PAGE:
Blog #4 – Social Media and Mental Health

Blog #4 – Social Media and Mental Health

We all use social media to a certain extent and some people use it more than others. We use it to connect with friends and relatives, share pictures and to find out what’s happening in our social circles. Some experts believe that the more we engage with social media the lonelier and more isolated we feel. Does the use of social media negatively affect our mental health? 

According to Forbes, it is suggested that the persistent use of social media can result in sadness, feelings of isolation and depression. (Walton, 2017) It’s strange that the very thing we look for in social media, social interaction, actually leaves us feeling worse and more alone. When we use social media we often compare our lives with the lives others are projecting online. We judge ourselves based on the things that other people post. This is called the ‘Comparison Factor’ which can lead to negative feelings about oneself as well as feelings of jealousy and envy toward others. (Walton, 2017) Feelings of inadequacy and lowered self-esteem definitely have a negative affect on our mental health. 

Why do we continue to use social media if it makes us feel bad about ourselves and our lives? 

In the same Forbes article it suggests that we continue to use social media because we are addicted to it. (Walton, 2017) I think we all wonder sometimes if this is the case. Do you check your phone first thing in the morning? I know I do. In a study from Nottingham Trent University they discovered that some behaviours associated with social media are similar to those associated with other forms of addiction such as drugs or alcohol. Some of those behaviours are: ‘neglect of personal life, mental preoccupation, escapism, mood modifying experiences, tolerance and concealing the addictive behaviour’. (Walton, 2017) They also discovered that stopping the use of social media resulted in symptoms of withdrawal in some people both behaviourally and physiologically. (Walton, 2017) 

According to the Canadian Mental Health Association, researchers have used MRI scans to monitor the activity in the reward centres of people’s brains while using social media. It has been found that we react positively to ‘likes’ on social media networks at a neurological level. The activity observed in the subjects’ brains in this experiment has also been compared to drug or alcohol addiction. (CMHA, n.d.) 

The CMHA has also said that, not unlike alcohol and drug addiction, the precursors for excessive social media use are existing mental health issues and well as loneliness, low-self esteem and depression (CMHA, n.d.) As mentioned earlier, some of these are also caused by of the overuse of social media.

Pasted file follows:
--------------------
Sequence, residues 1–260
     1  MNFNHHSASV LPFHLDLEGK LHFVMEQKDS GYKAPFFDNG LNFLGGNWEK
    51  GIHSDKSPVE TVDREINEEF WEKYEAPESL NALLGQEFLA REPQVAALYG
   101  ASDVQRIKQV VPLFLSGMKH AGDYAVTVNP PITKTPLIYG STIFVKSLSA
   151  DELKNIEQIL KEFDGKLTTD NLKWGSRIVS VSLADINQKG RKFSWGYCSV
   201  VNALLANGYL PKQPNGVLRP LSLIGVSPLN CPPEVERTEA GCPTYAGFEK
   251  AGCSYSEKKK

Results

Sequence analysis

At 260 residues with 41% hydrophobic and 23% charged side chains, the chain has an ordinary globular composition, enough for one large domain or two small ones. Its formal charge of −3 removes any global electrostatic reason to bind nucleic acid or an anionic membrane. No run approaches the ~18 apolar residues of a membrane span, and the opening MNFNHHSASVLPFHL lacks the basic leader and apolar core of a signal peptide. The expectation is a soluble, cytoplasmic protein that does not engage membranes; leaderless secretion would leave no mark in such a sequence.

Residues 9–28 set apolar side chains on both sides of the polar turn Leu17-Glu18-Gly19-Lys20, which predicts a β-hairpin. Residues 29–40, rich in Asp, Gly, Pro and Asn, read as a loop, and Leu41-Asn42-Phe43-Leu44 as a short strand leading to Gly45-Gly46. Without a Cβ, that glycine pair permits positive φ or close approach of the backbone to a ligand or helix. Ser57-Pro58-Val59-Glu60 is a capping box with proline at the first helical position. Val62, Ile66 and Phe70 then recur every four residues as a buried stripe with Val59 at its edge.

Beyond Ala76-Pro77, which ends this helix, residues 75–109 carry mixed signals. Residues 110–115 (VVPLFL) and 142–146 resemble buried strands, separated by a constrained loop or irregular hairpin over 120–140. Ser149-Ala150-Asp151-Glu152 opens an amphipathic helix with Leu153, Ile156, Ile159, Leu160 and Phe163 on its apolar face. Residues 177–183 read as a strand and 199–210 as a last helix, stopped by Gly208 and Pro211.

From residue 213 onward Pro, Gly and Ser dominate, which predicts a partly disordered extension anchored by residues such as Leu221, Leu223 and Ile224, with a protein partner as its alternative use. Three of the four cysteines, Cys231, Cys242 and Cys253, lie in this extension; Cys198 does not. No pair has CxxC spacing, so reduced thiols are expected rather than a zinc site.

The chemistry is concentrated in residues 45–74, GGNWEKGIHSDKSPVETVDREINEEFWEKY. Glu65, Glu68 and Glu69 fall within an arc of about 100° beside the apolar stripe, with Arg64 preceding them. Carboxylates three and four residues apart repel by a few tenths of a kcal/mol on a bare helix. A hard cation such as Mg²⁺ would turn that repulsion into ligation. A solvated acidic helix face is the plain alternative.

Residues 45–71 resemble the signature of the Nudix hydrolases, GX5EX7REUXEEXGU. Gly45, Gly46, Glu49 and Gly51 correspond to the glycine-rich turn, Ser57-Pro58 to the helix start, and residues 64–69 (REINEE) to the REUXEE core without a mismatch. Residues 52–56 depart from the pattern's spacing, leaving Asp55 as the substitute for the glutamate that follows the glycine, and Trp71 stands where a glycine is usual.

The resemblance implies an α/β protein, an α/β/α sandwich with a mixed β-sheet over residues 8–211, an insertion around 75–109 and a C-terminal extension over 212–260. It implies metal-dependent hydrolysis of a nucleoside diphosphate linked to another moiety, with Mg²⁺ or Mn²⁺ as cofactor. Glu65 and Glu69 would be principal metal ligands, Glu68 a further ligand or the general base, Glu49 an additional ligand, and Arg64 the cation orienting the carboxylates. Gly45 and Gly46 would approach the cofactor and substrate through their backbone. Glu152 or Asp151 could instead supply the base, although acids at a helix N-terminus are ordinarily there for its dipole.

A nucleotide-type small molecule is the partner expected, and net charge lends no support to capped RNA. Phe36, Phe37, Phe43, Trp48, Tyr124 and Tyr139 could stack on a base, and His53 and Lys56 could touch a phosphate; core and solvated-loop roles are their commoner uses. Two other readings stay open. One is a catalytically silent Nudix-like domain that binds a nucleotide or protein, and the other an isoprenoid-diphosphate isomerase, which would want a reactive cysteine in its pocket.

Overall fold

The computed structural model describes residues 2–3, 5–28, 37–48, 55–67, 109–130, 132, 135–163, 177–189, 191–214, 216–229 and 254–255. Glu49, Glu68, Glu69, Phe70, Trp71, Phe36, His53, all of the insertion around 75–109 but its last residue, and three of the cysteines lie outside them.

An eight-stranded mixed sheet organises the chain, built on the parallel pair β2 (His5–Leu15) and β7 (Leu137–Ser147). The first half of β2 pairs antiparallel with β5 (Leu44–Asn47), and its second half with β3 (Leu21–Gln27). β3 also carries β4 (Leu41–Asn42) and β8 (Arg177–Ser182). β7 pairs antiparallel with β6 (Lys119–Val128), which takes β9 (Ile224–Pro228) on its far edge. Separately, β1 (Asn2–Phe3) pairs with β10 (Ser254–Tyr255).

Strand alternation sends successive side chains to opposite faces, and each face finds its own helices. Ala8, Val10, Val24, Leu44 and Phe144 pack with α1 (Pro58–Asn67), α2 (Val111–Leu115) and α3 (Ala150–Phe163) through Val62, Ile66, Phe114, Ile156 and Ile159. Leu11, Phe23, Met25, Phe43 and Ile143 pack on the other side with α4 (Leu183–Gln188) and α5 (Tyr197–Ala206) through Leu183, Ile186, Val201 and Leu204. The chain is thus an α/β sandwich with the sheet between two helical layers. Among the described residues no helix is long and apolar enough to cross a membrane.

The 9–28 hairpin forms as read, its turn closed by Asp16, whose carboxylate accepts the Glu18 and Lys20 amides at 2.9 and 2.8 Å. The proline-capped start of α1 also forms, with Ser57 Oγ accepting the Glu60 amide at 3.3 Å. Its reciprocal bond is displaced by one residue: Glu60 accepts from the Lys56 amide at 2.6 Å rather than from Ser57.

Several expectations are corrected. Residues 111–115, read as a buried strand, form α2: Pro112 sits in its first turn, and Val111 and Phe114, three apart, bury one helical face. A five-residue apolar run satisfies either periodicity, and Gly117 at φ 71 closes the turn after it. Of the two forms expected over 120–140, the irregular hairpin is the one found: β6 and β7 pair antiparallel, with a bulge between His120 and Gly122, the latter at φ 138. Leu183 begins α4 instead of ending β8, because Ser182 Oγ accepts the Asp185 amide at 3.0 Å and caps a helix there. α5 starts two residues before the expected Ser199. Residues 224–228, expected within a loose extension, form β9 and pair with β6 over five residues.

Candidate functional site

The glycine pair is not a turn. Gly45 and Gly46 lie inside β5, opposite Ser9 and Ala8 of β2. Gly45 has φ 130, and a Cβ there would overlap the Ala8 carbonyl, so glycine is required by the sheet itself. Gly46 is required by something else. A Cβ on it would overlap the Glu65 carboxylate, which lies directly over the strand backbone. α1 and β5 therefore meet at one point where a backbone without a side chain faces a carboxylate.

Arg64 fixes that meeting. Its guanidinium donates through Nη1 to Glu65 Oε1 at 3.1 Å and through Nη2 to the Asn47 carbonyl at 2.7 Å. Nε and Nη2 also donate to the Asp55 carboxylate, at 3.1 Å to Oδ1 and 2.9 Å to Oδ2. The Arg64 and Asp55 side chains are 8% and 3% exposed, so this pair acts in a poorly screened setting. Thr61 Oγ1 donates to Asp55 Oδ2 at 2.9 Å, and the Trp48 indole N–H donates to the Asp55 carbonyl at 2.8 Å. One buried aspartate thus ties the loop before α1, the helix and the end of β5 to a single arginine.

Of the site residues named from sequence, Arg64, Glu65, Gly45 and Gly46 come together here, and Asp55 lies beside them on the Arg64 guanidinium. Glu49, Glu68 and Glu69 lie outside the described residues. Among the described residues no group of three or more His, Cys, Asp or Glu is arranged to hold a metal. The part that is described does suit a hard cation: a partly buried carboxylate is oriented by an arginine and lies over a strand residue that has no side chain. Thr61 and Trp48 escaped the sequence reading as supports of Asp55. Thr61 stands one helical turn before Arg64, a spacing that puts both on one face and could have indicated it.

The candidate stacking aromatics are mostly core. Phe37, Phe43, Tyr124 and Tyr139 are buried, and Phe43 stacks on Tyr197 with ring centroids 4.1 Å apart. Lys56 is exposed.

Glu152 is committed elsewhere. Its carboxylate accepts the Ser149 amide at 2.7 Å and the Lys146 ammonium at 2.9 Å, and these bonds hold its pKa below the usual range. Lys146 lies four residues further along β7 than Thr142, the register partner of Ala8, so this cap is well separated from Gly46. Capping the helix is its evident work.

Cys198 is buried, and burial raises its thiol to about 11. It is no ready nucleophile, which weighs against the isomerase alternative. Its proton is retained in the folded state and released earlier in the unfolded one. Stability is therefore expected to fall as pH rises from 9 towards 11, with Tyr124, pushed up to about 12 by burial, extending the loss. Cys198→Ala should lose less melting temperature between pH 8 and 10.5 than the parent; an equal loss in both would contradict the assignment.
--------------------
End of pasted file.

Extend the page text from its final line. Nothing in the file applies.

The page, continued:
How do we free ourselves form this vicious cycle?

We can wean ourselves off of social media by removing the apps from our phones to help limit our use. If you are looking for encouragement the CMHA has a number of helpful suggestions. 99 Days of Freedom is one of them. It is an experiment where people try to stay off of Facebook for 99 days. Researchers check in with the participants periodically throughout the 99 days to monitor the participants progress. There are many other resources available if you feel you need help with your social media dependency: The Centre for Internet and Technology Addiction, ementalhealth.ca or Humanetech.com.

Do you feel you suffer from social media addiction?

Promotional Posts

Facebook: Are you addicted to social media? Check out my blog about Social Media and Mental Health https://bit.ly/2Ngm9ZP

Twitter: Are you addicted to social media? #hcsm #mentalhealthawareness https://bit.ly/2Ngm9ZP

Resources

Walton, G. (June, 2017), ‘6 Ways Social Media Affects Our Mental Health’ Retrieved From https://www.forbes.com/sites/alicegwalton/2017/06/30/a-run-down-of-social-medias-effects-on-our-mental-health/#5eeb5faf2e5a

Canadian Mental Health Association, (n.d.), Addictions and Problematic Internet Use, Retrieved From https://ontario.cmha.ca/documents/addictions-and-problematic-internet-use/

Blog #3 – Cyberbullying: The Down Side of Social Media.

Blog #3 – Cyberbullying: The Down Side of Social Media.

There are many upsides to social media, especially these days, when we aren’t seeing our friends and relatives in person because of social distancing. Social media has become our lifeline, our way to socialize, to keep up with current trends and it’s where a lot of us now get our news. However, there are many downsides to social media, Cyberbullying is one of them. When we think of bullying we often think of teenagers. We think of the schoolyard bullies that exist in every school, in every country in the world. Social media was not around when I was in high school, something I am very thankful for. I cannot imagine what that would have been like. Social media has given the schoolyard bully both the power and the weapon. Cyberbullying is a plague upon social media. However, bullying isn’t just for teenagers, adults do it to. 

Image Source

According to Wikipedia, Cyberbullying is “an aggressive, intentional act or behaviour that is carried out by a group or an individual, using electronic forms of contact, repeatedly and over time against a victim who cannot easily defend him or herself.” (Cyberbullying, n.d.) In our current social climate this happens online everyday regardless of age.